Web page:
Texas Health Care Right of Conscience Act (SB 1107)
This law was last updated on Aug 28, 2019
SB 1107 would permit a health-care provider to refuse to perform or participate in a health-care service that is contrary to their conscience.
The bill would prohibit a physician or health-care provider from being held civilly or criminally liable solely because of the physician’s or provider’s conscientious refusal of a health-care service.
The bill defines “conscience” to mean a sincerely held set of moral convictions arising from:
- a belief in and relation to God;
- a religious faith or spiritual practice; or
- a moral philosophy or ethical position, without regard to whether the philosophy or position is related to a religious faith.
The bill defines “health-care service” to mean any phase of medical care or treatment, including:
- testing, diagnosis, prognosis, ancillary research, instruction, medication, and surgery;
- family planning, counseling, and referrals, and any other advice in connection with the use or procurement of contraceptives, sterilization, or abortion; and
- any other care or treatment rendered by a health-care facility, physician, or health-care provider.
If passed, the broad language of the bill would potentially allow health-care providers to refuse to provide reproductive health-care services to women and pregnant people; and health-care services to the LGBTQ community, including transitioning treatment for transgender individuals.
Discrimination Related to Licensing
The bill would prohibit a person from discriminating against another person because of the person’s conscientious refusal of a health-care service, including discrimination with regard to:
- hiring, promoting, or transferring; and
- granting of staff appointments or other privileges.
Discrimination Related to Employment
The bill would prohibit a person, medical institution, or other institution that conducts education or training programs for physicians or health-care providers from discriminating against an applicant because of the applicant’s conscientious refusal of a health-care service, including discrimination by:
- denying employment, admission, or participation in a program for which an applicant is eligible;
- referring to conscientious refusal in an application form;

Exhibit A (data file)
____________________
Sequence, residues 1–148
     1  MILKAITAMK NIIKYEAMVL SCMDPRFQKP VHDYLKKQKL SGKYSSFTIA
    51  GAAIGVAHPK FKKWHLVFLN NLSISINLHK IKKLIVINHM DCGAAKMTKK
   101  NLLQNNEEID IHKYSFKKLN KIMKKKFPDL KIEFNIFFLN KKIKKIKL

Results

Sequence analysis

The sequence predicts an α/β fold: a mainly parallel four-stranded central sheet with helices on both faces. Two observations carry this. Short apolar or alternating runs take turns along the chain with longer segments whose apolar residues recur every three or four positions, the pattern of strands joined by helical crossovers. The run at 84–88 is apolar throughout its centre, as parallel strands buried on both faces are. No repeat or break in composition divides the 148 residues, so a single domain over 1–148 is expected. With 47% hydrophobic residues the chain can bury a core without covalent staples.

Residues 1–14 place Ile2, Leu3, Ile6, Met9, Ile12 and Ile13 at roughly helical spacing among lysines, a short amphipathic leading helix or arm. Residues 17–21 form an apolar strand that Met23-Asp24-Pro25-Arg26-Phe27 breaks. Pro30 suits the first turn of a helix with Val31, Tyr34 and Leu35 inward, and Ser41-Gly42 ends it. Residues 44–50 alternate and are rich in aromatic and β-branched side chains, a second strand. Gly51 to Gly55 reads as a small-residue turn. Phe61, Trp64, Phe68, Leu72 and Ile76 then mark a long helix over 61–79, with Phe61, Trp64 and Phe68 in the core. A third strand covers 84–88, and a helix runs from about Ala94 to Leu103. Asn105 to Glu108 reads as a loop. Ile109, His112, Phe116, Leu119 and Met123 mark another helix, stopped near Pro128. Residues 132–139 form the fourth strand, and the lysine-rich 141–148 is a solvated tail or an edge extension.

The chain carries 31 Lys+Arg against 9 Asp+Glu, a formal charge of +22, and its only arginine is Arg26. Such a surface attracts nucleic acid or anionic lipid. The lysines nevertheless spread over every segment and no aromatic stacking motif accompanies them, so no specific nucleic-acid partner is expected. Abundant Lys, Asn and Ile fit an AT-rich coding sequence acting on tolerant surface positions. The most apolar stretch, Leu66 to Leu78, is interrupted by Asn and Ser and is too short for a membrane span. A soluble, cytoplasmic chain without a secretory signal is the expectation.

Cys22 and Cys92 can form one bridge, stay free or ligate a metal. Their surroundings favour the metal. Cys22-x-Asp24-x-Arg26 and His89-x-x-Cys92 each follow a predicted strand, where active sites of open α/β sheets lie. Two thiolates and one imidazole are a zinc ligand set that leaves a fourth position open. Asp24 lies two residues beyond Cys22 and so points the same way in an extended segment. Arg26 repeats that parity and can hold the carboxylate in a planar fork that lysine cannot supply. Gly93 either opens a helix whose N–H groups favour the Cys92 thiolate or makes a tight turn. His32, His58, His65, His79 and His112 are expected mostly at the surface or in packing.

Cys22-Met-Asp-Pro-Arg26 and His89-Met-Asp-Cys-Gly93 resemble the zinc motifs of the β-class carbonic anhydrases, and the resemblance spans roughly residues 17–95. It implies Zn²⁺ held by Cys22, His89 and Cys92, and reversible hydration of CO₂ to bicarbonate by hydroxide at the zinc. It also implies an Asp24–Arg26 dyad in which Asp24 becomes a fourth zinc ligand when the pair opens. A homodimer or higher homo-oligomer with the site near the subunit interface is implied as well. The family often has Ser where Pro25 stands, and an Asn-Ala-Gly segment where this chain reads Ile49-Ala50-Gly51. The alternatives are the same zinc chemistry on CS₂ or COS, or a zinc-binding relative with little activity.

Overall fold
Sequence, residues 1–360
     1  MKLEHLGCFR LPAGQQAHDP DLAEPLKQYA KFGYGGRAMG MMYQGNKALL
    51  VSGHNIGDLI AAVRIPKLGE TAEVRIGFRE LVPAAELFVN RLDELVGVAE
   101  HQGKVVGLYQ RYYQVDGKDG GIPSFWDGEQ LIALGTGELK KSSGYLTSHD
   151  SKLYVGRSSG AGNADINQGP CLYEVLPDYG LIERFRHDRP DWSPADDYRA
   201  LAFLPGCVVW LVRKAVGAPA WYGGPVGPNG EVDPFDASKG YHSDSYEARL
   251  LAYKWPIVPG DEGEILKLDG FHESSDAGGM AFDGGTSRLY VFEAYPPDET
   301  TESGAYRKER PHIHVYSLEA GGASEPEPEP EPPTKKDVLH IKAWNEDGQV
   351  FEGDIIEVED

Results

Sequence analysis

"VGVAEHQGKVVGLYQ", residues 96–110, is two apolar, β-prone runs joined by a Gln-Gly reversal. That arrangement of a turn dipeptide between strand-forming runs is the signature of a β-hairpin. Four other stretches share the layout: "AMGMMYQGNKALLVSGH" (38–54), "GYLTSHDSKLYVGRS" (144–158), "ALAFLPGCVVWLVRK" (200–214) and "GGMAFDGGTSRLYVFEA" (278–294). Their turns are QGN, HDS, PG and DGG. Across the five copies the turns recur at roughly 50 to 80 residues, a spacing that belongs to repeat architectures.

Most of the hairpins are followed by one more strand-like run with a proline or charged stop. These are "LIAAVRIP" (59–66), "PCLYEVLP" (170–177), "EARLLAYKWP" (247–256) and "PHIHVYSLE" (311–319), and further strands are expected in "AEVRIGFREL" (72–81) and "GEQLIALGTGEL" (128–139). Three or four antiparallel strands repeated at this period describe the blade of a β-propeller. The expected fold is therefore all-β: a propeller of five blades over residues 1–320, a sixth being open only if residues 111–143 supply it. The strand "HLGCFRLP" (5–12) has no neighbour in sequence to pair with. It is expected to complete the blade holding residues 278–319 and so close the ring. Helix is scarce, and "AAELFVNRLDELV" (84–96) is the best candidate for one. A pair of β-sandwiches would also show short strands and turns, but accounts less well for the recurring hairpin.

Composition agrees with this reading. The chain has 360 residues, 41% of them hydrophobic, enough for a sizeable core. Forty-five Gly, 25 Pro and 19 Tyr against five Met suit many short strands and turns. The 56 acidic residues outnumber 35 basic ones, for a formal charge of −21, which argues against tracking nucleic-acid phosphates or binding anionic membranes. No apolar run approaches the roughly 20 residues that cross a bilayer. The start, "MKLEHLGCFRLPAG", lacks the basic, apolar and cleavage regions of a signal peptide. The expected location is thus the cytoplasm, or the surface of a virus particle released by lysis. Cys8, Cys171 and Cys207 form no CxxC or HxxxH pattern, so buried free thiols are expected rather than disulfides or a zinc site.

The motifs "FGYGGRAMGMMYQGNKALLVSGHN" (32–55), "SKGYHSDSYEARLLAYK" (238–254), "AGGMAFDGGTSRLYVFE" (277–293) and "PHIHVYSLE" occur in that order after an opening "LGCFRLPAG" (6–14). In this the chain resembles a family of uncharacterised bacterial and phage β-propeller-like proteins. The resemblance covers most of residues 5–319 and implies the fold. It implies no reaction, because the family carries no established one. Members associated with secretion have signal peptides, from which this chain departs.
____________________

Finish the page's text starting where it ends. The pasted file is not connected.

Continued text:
- questioning an applicant regarding the applicant’s conscientious refusal of a health-care service; and
- imposing a burden in the terms or conditions of employment.
Discrimination Related to Benefits
The bill would prohibit a person, including a public official, from discriminating against a recipient entitled to any type of aid, assistance, or benefits because of the recipient’s conscientious refusal of a health-care service, including discrimination by:
- denying aid, assistance, or benefits;
- conditioning receipt of the aid, assistance, or benefits; or
- coercing or disqualifying the recipient.
Conscientious Refusal Protocol
The bill would require health-care facilities to develop a protocol describing a patient’s access to care and information to ensure that a conscientious refusal of a health-care service does not impair a patient’s health. Such protocol must—at a minimum—require a health-care facility, physician, or provider to:
- timely inform a patient of the patient ’s condition, prognosis, legal treatment options, and risks and benefits of treatment options, consistent with accepted standards of medical care; and
- provide copies of the patient’s medical records to the patient or to another health-care facility, physician, or provider, if requested; and
- take any other action necessary to transfer the patient to another health-care facility.
The bill would not require a health-care facility, physician, or provider to counsel a patient regarding a service that is contrary to their conscientious beliefs.
Companion bill to HB 2892.
Similar to HB 2878, which failed to pass in 2017.
2/26/19 – Introduced.